Judging by the growing engagement of Europe in security cooperation, the times have never been more supportive for a combined strategy. Defense spending is on the rise, new structures are established, and old ones reinforced. The Russian strategy of “divide and conquer” has brought the responding “ally and counter”.
In the European security basket, we can name the most prominent organizations: North Atlantic Treaty Organization (with US and Canada), European Union (EU), Nordic Defence Cooperation (NORDEFCO), Visegrad Group (V4), and the new political movements Three Seas Initiative and Bucharest 9. The following post will venture to pinpoint strengths of the regional cooperation and their complementary role in the bigger picture.
Europe is a puzzle of security organizations
If we treat the security of Europe as a puzzle, putting together the elements quite literally represents a response towards the divide and conquer strategy. The purpose is to recognize the matching needs and build structures in place to create an air-tight defense, which can’t be taken apart. Once you get to the table and open your box with puzzles you usually start with the corners and the frame. Those are given by EU and NATO – overarching organizations collectively holding the majority of European nations. What do we then add in between to see the joint picture? How does NORDEFCO, V4, Three Seas Initiative and Bucharest 9 connect with the rest of the puzzle?
As with every decent puzzle, European security also has a centerpiece which connects to all directions – Poland. After the NATO Warsaw Summit, Poland has taken a leading role in the Eastern Flank, supported the global links between central Europe and China (via Three Seas Initiative) and has been elected as a non-permanent member of the United Nations Security Council.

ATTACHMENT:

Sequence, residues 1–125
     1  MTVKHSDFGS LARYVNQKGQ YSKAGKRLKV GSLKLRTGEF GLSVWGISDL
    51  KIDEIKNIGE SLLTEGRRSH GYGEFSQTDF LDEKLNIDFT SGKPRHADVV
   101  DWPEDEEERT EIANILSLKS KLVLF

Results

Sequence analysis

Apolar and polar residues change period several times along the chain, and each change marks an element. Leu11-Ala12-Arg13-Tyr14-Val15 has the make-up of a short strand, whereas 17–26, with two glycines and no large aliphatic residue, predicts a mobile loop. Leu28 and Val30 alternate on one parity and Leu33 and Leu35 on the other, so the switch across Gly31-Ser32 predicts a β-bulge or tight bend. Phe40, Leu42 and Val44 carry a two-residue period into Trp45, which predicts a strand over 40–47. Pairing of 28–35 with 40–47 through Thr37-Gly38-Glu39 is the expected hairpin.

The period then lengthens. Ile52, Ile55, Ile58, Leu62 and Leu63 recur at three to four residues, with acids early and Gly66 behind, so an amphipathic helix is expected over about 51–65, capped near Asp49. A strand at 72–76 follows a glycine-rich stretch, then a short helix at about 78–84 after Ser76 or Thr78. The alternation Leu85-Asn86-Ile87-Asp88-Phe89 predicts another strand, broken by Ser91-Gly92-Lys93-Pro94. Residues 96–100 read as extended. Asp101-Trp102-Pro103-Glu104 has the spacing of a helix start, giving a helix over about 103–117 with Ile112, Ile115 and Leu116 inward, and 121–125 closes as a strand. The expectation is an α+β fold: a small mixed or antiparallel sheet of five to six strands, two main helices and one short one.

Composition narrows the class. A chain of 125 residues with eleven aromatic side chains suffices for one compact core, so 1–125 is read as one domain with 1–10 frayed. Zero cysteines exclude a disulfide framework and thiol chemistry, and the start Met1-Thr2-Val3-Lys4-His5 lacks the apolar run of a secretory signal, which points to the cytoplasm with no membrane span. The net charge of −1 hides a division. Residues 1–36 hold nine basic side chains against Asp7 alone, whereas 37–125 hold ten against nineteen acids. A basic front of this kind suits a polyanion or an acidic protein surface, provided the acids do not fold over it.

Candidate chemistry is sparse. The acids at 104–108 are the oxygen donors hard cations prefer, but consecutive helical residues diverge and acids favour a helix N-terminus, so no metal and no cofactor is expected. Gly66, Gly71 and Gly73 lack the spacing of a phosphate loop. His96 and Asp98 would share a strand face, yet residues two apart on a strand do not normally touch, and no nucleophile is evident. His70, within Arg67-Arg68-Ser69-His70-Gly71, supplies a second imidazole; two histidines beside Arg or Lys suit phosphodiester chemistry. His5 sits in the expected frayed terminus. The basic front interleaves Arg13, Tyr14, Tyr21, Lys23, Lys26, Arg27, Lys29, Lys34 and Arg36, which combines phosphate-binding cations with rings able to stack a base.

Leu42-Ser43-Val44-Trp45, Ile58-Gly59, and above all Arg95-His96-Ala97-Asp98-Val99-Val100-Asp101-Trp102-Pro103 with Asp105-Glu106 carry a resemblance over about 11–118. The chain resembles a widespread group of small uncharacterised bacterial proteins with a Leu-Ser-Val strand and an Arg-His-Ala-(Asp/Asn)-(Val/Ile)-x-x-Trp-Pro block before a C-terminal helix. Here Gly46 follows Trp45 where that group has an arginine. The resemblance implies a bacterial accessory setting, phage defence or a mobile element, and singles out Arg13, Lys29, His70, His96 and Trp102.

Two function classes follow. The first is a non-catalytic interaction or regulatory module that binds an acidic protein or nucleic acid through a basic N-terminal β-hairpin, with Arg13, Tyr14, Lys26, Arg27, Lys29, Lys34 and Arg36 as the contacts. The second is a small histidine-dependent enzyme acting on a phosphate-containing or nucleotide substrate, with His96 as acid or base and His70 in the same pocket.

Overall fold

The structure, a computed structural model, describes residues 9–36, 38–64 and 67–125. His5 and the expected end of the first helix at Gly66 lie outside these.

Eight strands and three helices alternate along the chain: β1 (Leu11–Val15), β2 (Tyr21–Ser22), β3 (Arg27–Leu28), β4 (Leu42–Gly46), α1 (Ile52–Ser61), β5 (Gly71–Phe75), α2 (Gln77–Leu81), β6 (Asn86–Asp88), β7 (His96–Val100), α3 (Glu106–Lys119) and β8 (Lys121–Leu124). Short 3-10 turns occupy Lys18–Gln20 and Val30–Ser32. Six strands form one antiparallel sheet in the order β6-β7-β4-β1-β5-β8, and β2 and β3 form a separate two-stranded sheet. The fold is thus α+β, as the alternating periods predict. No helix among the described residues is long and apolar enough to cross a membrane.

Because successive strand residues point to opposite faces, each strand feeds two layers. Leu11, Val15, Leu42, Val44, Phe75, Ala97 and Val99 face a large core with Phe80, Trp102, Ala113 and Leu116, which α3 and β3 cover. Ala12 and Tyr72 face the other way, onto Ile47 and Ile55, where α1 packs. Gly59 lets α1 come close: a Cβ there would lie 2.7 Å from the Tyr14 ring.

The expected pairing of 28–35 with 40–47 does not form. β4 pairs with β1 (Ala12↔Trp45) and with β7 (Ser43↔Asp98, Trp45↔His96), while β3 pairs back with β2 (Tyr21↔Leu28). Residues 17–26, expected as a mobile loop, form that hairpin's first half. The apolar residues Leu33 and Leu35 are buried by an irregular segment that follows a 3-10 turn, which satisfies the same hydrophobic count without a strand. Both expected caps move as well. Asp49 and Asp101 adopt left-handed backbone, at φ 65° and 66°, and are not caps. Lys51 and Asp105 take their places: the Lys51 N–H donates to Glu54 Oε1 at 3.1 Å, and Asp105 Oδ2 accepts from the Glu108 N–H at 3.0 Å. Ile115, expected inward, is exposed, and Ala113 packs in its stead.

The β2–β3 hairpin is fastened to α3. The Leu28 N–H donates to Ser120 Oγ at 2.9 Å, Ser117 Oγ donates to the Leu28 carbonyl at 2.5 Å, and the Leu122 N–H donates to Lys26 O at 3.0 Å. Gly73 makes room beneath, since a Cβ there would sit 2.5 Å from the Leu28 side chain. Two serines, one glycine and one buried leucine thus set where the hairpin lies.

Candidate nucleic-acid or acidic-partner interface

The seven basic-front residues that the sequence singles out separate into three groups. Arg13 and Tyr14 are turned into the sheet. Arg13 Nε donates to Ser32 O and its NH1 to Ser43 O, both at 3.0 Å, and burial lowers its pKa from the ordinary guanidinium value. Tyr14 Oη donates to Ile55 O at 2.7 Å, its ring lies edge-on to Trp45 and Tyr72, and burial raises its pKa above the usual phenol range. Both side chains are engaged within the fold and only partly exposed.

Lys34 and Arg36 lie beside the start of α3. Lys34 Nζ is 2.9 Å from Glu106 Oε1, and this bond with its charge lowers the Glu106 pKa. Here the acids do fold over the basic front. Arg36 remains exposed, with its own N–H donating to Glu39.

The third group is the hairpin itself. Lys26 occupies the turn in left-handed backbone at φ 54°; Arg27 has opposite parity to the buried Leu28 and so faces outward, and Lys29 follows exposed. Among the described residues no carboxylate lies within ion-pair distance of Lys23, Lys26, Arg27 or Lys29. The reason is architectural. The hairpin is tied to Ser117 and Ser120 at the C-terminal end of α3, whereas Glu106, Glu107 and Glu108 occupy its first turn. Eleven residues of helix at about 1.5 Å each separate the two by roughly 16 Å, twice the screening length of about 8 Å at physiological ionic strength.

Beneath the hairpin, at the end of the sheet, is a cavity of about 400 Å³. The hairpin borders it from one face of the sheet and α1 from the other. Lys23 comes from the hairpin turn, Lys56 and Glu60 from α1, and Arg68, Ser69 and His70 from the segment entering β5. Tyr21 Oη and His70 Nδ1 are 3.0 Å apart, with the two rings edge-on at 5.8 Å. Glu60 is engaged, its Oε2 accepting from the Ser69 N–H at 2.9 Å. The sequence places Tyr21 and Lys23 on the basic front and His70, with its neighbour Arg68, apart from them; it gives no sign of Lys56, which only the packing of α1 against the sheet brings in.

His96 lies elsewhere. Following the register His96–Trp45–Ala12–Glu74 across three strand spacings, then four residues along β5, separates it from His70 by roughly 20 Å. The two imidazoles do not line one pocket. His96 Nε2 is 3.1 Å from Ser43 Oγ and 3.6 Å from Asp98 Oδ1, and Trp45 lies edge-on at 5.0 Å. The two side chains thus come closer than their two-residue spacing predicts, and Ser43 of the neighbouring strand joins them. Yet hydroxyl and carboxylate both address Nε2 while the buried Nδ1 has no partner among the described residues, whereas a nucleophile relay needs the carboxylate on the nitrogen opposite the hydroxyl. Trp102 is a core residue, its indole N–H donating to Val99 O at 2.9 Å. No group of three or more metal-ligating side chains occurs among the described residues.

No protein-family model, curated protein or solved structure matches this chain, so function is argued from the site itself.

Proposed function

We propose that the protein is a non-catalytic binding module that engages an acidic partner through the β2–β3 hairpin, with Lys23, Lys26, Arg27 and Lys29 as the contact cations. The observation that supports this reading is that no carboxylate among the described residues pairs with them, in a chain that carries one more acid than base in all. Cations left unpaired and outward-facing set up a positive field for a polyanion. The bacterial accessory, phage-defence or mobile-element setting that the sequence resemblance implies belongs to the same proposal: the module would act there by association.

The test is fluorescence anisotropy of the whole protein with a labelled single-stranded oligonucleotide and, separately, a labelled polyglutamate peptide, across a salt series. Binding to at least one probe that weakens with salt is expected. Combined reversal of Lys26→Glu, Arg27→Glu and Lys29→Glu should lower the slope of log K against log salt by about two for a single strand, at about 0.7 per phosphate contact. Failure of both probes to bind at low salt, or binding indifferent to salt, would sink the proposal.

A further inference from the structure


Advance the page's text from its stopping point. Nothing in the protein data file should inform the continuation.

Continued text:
Poland has unique role in regional security bridging
Putting the elements together might be easier with a centerpiece, but is still requires anchors to keep them in place. Those have been provided by unique traits of the cooperations:
- NORDEFCO focuses on Baltic Sea security. The cooperation can be observed by the VIKING series of exercises, joint research in the area of submarines, and even procurement of the same camouflage pattern in uniforms. The founding nations (Denmark, Finland, Iceland, Norway, and Sweden) are joined by the United Kingdom and Poland within their meetings.
The Visegrad Group (V4) consists of Poland, Hungary, Slovakia, and the Check Republic. It bridges together security and the cultural dimension. This forum has been used to respond at the peak of illegal border crossings in 2016. The four nations have exchanged personnel (border guards and military) and equipment (e.g. helicopters) to create multinational units. This intensified with the joint border patrols that are still active today.
The Three Seas Initiative consists of Austria, Bulgaria, Croatia, Czech Republic, Estonia, Hungary, Latvia, Lithuania, Poland, Romania, Slovakia, and Slovenia. Starting from 2016, the initiative leads several strands of work – economy, security and culture. The concept has been supported by the US President during his visit to Warsaw in July 2017, showing the potential of the group. The 12 countries have played an important role in the negotiations with China over its new logistics road through Europe. The road from North to South is at its beginning, but holds the key not only to China logistics, but also military mobility for European security cooperation.
The Bucharest Nine are Bulgaria, Czech Republic, Estonia, Hungary, Lithuania, Latvia, Poland, Romania, and Slovakia. They are often referred to as “small NATO”. Bucharest 9 represents the NATO Strategic Direction North-East. It has led the security cooperation in terms of partnership with Moldova, Georgia and Ukraine. From its establishment, it reflects the focus on the Eastern border of NATO, from cyber capabilities to capacity building.
Putting those puzzles together gives a good outlook on a joint European strategy. Cohesion comes from the way that regional cooperations complement the overarching frameworks.
Sometimes there is a tendency to focus on the weakest link in the chain, but the case can be made for focusing on the strongest connecting nodes instead. This gives the strategy agility and a focal point. Through its position in the different organizations, Poland can play this role as the centerpiece which ties together the security dynamics between the Baltic region and Central Eastern Europe.